For the first time ever unmanned aerial vehicles (UAVs) flew safety overwatch in support of search and rescue (SAR) missions for the British Coastguard (HMCG) over the weekend of 1/2 August 2020. The aircraft supported emergency response in north Wales both in maritime and mountain search and rescue.
Currently, HMCG’s helicopters provide support for inland search and rescue which includes the mountain regions, as well in maritime environments and the unmanned aircraft worked alongside those.
Operated by Bristow, which provides HMCG Search and Rescue Helicopter Services under contract, the unmanned aerial vehicles operated from Caernarfon in Wales, providing safety patrols across beaches from Conwy Bay to Llandudno and across the Snowdonia mountain range. The event was an operational trial aimed at testing the utility of unmanned aircraft in live situations and response.
The UAVs under evaluation are two Schiebel S-100 systems, which have been undertaking a three-month test programme which began in March this year. Initially, the unmanned aircraft will operate only at weekends for HM Coastguard with Bristow carrying on routine testing during the week.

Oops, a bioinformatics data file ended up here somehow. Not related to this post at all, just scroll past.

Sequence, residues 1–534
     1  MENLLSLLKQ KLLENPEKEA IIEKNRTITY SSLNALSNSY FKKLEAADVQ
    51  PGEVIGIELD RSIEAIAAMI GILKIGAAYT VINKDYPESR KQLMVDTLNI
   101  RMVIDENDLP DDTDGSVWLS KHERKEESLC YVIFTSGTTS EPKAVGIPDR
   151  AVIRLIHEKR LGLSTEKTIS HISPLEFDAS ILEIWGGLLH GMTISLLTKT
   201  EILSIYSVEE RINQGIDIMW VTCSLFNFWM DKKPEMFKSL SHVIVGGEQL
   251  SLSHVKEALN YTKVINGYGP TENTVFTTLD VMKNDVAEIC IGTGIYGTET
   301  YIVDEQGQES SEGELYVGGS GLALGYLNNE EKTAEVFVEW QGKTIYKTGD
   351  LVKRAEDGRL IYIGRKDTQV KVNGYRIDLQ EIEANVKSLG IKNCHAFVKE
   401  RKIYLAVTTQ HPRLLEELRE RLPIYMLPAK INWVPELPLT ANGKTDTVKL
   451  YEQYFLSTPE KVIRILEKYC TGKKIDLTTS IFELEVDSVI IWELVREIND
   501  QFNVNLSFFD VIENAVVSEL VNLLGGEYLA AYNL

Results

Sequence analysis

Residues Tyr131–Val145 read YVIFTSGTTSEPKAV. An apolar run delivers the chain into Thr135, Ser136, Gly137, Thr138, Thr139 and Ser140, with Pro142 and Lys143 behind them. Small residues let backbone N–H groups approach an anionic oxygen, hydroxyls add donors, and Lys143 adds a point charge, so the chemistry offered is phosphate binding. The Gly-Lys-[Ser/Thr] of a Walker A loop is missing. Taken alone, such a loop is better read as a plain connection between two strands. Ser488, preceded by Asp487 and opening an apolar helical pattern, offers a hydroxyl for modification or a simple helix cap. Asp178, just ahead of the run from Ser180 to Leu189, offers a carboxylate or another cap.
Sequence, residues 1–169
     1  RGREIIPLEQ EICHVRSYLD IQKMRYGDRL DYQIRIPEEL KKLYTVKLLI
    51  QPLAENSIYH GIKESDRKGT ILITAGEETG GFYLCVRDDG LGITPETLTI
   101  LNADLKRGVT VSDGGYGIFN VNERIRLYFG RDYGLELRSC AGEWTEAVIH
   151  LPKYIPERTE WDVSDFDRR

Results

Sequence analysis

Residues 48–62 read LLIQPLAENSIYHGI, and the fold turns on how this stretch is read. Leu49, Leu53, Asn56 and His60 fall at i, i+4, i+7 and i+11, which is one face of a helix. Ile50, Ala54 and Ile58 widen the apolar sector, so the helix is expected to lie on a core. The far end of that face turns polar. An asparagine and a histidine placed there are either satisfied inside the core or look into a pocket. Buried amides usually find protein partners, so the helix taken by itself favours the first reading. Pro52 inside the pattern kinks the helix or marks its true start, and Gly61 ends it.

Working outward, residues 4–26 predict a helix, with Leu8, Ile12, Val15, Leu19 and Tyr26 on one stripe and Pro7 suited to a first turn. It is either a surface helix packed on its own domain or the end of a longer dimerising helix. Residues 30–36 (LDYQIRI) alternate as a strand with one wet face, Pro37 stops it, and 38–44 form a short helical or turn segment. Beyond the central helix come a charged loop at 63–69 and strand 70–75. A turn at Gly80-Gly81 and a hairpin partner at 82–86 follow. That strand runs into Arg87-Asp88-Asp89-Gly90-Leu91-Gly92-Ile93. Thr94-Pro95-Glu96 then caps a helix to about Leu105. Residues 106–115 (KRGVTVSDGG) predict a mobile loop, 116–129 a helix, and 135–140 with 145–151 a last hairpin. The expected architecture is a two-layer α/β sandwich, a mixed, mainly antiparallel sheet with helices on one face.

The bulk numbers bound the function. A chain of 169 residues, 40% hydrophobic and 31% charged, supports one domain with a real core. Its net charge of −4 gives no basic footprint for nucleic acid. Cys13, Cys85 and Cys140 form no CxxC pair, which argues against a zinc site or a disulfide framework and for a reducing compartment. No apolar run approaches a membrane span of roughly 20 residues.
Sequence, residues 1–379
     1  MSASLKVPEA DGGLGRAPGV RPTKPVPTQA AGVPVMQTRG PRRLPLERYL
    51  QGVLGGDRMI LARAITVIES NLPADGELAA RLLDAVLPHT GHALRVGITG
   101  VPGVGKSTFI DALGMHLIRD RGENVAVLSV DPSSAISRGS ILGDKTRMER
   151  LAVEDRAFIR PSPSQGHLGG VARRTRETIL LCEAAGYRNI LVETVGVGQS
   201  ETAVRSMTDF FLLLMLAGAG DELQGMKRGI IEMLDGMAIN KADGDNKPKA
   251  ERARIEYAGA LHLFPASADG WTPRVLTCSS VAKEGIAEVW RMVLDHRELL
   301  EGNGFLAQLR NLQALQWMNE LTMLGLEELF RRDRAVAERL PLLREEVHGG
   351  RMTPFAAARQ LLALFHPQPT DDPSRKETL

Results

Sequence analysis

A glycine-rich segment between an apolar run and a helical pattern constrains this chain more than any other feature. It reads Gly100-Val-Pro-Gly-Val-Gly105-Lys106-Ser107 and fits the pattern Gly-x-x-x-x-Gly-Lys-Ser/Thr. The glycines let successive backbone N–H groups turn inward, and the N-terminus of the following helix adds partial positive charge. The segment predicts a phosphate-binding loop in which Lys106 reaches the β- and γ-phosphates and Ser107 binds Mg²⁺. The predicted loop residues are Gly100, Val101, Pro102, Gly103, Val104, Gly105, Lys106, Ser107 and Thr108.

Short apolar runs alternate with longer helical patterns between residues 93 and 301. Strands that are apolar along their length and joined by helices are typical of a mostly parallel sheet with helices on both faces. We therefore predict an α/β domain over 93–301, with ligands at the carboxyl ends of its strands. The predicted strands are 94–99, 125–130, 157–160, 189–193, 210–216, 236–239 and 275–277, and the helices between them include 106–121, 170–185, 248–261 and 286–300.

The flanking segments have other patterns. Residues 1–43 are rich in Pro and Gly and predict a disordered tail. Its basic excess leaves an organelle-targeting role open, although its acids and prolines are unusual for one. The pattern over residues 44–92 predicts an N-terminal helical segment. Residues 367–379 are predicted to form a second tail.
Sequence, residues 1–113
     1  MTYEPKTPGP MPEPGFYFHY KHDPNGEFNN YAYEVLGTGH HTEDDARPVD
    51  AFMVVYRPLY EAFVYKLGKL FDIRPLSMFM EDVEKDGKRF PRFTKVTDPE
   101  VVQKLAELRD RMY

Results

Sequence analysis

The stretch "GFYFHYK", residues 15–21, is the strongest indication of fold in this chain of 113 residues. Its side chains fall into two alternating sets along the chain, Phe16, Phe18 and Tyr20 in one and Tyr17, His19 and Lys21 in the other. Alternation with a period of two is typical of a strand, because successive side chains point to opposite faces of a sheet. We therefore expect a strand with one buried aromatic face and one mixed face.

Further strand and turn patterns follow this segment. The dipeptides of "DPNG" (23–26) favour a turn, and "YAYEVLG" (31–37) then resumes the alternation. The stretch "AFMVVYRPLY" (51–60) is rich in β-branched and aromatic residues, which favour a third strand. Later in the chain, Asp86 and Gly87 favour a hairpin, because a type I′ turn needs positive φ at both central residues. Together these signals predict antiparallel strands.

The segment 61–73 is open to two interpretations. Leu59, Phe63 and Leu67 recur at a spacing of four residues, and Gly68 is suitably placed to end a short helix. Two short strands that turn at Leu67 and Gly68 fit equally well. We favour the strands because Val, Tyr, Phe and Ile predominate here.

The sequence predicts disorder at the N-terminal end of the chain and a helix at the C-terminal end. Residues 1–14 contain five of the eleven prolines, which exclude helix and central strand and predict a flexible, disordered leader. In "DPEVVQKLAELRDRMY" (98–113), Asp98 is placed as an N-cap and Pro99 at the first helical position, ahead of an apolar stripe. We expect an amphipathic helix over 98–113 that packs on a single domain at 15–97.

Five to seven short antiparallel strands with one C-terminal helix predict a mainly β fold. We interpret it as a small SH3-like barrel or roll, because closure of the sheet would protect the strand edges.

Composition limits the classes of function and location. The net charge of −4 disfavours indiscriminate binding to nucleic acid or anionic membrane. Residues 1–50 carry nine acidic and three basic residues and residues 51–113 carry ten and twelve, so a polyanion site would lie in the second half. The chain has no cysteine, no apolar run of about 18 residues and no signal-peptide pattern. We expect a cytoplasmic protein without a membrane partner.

Russ Torbet, Director UK Search and Rescue, Bristow Helicopters Ltd, said:
“UAV technology has advanced to the stage where its deployment significantly enhances the capability of air search and rescue operations, improving the reach of the service and reducing risk for the public and our crews. These systems provide us with an option to keep our Sikorsky S92 helicopter crew at Caernarfon on standby for lifesaving events, while the unmanned aircraft are tasked with providing safety overwatch and monitoring which those manned aircraft would otherwise have been sent to carry out.”
That programme is designed to complement work being carried out by the Maritime and Coastguard Agency to develop regulations under which UAVs can operate as SAR aircraft. Unmanned aircraft are expected to play a key role when UKSAR2G, the UK’s new search and rescue service, begins operations in 2024.